Michael Molinaro, Partner, Ackerman LLP
Michael Molinaro, Partner, Ackerman LLP

The 7th U.S. Circuit Court of Appeals recently held that a lender is obligated to conduct a diligent investigation when it becomes aware of suspicious facts relating to an existing loan transaction. In Sentinel Management Group, Inc.,1 the 7th Circuit found that a loan officer’s puzzlement was enough to place the lender on inquiry notice, which required the lender to investigate the collateral the borrower had used to secure the loan. The lender’s failure to conduct such investigation caused disastrous consequences.


In Sentinel, a bank lender closed a $500 million loan collateralized by securities. After reviewing a collateral report, a loan officer sent an email to other employees inquiring whether the borrower really could have as much collateral as was listed on the collateral report. The loan officer received a nonresponsive answer to his question and then made no further inquiry.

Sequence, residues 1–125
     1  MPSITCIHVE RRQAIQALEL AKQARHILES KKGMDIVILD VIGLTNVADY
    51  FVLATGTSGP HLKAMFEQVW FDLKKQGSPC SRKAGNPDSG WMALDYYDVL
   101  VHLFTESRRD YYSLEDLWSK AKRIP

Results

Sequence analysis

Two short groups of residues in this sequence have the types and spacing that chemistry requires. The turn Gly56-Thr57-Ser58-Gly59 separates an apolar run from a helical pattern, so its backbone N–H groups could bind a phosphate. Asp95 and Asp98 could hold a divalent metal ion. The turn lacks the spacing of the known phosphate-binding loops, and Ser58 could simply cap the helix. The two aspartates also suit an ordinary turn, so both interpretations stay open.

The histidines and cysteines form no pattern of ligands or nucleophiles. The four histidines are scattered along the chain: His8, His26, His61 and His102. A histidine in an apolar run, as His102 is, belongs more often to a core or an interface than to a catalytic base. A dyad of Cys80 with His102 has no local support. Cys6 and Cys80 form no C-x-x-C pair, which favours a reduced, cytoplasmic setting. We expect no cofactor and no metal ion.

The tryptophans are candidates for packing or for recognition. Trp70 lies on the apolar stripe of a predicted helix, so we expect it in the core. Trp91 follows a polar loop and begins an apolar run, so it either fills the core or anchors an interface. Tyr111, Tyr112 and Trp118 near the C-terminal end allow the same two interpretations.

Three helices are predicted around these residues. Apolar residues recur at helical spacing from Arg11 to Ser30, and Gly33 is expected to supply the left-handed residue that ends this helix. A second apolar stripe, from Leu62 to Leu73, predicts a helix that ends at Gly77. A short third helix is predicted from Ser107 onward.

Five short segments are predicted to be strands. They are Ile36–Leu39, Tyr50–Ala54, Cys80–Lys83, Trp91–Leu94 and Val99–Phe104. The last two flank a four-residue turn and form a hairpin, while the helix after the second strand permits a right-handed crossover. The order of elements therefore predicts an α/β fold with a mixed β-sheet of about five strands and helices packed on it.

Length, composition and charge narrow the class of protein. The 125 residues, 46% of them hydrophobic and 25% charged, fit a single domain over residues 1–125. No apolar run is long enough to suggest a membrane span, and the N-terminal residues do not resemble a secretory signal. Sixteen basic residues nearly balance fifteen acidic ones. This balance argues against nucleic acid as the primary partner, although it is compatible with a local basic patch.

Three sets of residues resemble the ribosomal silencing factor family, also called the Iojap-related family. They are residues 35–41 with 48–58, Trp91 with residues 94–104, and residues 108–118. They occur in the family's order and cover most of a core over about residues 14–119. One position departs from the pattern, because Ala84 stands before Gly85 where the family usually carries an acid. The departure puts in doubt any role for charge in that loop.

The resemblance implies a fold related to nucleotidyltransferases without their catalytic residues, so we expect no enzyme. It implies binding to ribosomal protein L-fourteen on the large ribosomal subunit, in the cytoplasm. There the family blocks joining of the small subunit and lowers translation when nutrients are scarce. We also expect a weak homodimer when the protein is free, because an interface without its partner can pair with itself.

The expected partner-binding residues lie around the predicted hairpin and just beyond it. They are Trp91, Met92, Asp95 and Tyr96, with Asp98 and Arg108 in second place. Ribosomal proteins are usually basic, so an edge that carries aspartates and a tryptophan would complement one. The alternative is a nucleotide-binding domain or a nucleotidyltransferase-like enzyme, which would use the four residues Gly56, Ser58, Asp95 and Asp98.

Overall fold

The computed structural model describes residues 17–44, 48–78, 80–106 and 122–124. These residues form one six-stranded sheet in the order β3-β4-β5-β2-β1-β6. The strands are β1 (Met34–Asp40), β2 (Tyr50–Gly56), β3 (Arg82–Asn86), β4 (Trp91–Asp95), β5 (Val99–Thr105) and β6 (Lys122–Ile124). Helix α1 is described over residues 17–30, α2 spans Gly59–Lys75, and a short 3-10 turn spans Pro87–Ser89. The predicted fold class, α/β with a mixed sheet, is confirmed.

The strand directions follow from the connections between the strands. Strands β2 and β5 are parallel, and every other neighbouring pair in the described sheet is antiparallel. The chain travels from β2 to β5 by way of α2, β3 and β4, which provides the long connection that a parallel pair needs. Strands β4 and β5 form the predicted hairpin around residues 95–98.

Subsequently, the borrower filed a Chapter 11 case, and a bankruptcy trustee was appointed. The trustee discovered that the borrower had pledged certain securities to the bank that were owned by the borrower’s customers, not the borrower. The trustee sued the lender, seeking to void the security interest granted to the lender as a fraudulent transfer. As a defense, the lender claimed a good faith transferee in connection with the loan transaction and the pledge of collateral.

Fraudulent Transfers

Under the Bankruptcy Code, two types of transfers can be invalidated as fraudulent transfers. The first are transfers made with actual intent to hinder, delay or defraud creditors. The second involves transfers in which the transferor:

  1. Received less than a “reasonably equivalent value” in exchange for the transfer and became “insolvent” as a result of the transfer or the transferor was engaged, or
  2. Was about to engage in business or a transaction for which its remaining property was an “unreasonably small capital,” or
  3. Intended to, or believed that it would, incur debts which, when mature, would be beyond its ability to pay.

Since actual intent is difficult to establish, courts often consider circumstantial evidence, such as the existence of “badges of fraud,” to show actual fraudulent intent.2